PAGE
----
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TEDGlobal 2009

Henry Markram: A brain in a supercomputer

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Henry Markram says the mysteries of the mind can be solved -- soon. Mental illness, memory, perception: they're made of neurons and electric signals, and he plans to find them with a supercomputer that models all the brain's 100,000,000,000,000 synapses.

- Neuroscientist
Henry Markram is director of Blue Brain, a supercomputing project that can model components of the mammalian brain to precise cellular detail -- and simulate their activity in 3D. Soon he'll simulate a whole rat brain in real time. Full bio

Our mission is to build
00:18
a detailed, realistic
00:21
computer model of the human brain.
00:23
And we've done, in the past four years,
00:25
a proof of concept
00:28
on a small part of the rodent brain,
00:30
and with this proof of concept we are now scaling the project up
00:33
to reach the human brain.
00:36
Why are we doing this?
00:39
There are three important reasons.
00:41
The first is, it's essential for us to understand the human brain
00:43
if we do want to get along in society,
00:47
and I think that it is a key step in evolution.
00:49
The second reason is,
00:53
we cannot keep doing animal experimentation forever,
00:55
and we have to embody all our data and all our knowledge
01:01
into a working model.
01:05
It's like a Noah's Ark. It's like an archive.
01:08
And the third reason is that there are two billion people on the planet
01:12
that are affected by mental disorder,
01:15
and the drugs that are used today
01:19
are largely empirical.
01:21
I think that we can come up with very concrete solutions on
01:23
how to treat disorders.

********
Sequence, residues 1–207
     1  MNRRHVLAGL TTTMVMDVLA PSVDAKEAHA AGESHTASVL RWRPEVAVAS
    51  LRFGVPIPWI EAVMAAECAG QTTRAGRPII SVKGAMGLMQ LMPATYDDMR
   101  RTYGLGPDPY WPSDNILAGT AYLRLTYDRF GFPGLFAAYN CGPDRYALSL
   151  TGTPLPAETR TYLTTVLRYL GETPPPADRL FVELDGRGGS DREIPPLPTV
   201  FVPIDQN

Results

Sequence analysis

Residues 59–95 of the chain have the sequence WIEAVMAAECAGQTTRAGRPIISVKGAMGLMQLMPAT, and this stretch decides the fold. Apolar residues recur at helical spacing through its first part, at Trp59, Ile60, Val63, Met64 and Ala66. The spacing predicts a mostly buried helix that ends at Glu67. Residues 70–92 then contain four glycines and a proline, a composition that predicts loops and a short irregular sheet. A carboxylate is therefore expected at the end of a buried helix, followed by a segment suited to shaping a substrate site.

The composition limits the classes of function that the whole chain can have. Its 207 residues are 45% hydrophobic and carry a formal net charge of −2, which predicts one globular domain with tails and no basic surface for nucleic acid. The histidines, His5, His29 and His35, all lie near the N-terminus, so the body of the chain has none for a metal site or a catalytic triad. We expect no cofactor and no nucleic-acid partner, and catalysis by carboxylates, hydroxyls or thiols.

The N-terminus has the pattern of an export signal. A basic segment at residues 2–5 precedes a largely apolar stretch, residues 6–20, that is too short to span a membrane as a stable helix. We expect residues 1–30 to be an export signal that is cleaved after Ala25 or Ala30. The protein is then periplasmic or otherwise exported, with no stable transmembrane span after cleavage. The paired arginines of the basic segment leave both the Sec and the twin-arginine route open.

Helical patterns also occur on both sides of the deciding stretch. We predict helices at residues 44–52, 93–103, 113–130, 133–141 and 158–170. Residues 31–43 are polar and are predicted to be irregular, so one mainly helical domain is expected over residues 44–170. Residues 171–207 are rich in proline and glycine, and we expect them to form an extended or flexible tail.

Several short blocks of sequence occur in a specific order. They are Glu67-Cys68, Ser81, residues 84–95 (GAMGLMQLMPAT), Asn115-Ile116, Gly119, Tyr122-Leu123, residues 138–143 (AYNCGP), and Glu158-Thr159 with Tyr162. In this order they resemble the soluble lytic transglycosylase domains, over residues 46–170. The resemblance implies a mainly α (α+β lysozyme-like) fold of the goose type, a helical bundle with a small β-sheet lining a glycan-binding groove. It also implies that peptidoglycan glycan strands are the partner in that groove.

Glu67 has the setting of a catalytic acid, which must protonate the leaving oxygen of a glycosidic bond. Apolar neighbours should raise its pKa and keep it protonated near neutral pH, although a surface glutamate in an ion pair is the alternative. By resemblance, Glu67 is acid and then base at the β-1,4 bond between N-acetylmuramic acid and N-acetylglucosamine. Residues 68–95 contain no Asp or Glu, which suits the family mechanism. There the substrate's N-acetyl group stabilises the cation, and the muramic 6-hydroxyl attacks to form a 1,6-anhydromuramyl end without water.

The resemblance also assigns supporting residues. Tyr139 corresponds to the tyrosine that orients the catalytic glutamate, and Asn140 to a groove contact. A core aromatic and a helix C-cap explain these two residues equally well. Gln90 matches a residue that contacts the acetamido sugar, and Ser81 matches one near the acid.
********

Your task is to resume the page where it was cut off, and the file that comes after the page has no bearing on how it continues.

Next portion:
01:26
Now, even at this stage,
01:29
we can use the brain model
01:32
to explore some fundamental questions
01:34
about how the brain works.
01:37
And here, at TED, for the first time,
01:39
I'd like to share with you how we're addressing
01:41
one theory -- there are many theories --
01:43
one theory of how the brain works.
01:46
So, this theory is that the brain
01:50
creates, builds, a version of the universe,
01:54
and projects this version of the universe,
02:00
like a bubble, all around us.
02:03
Now, this is of course a topic of philosophical debate for centuries.
02:07
But, for the first time, we can actually address this,
02:11
with brain simulation,
02:14
and ask very systematic and rigorous questions,
02:16
whether this theory could possibly be true.
02:20
The reason why the moon is huge on the horizon
02:24
is simply because our perceptual bubble
02:27
does not stretch out 380,000 kilometers.
02:30
It runs out of space.
02:34
And so what we do is we compare the buildings
02:36
within our perceptual bubble,
02:40
and we make a decision.
02:42
We make a decision it's that big,
02:44
even though it's not that big.
02:46
And what that illustrates
02:48
is that decisions are the key things
02:50
that support our perceptual bubble. It keeps it alive.
02:52
Without decisions you cannot see, you cannot think,
02:57
you cannot feel.
02:59
And you may think that anesthetics work
03:01
by sending you into some deep sleep,
03:03
or by blocking your receptors so that you don't feel pain,
03:06
but in fact most anesthetics don't work that way.
03:09
What they do is they introduce a noise
03:12
into the brain so that the neurons cannot understand each other.
03:15
They are confused,
03:18
and you cannot make a decision.
03:20
So, while you're trying to make up your mind
03:23
what the doctor, the surgeon, is doing
03:26
while he's hacking away at your body, he's long gone.
03:28
He's at home having tea.
03:30
(Laughter)
03:32
So, when you walk up to a door and you open it,
03:34
what you compulsively have to do to perceive
03:37
is to make decisions,
03:40
thousands of decisions about the size of the room,
03:42
the walls, the height, the objects in this room.
03:45
99 percent of what you see
03:48
is not what comes in through the eyes.
03:51
It is what you infer about that room.
03:55
So I can say, with some certainty,
03:59
"I think, therefore I am."
04:03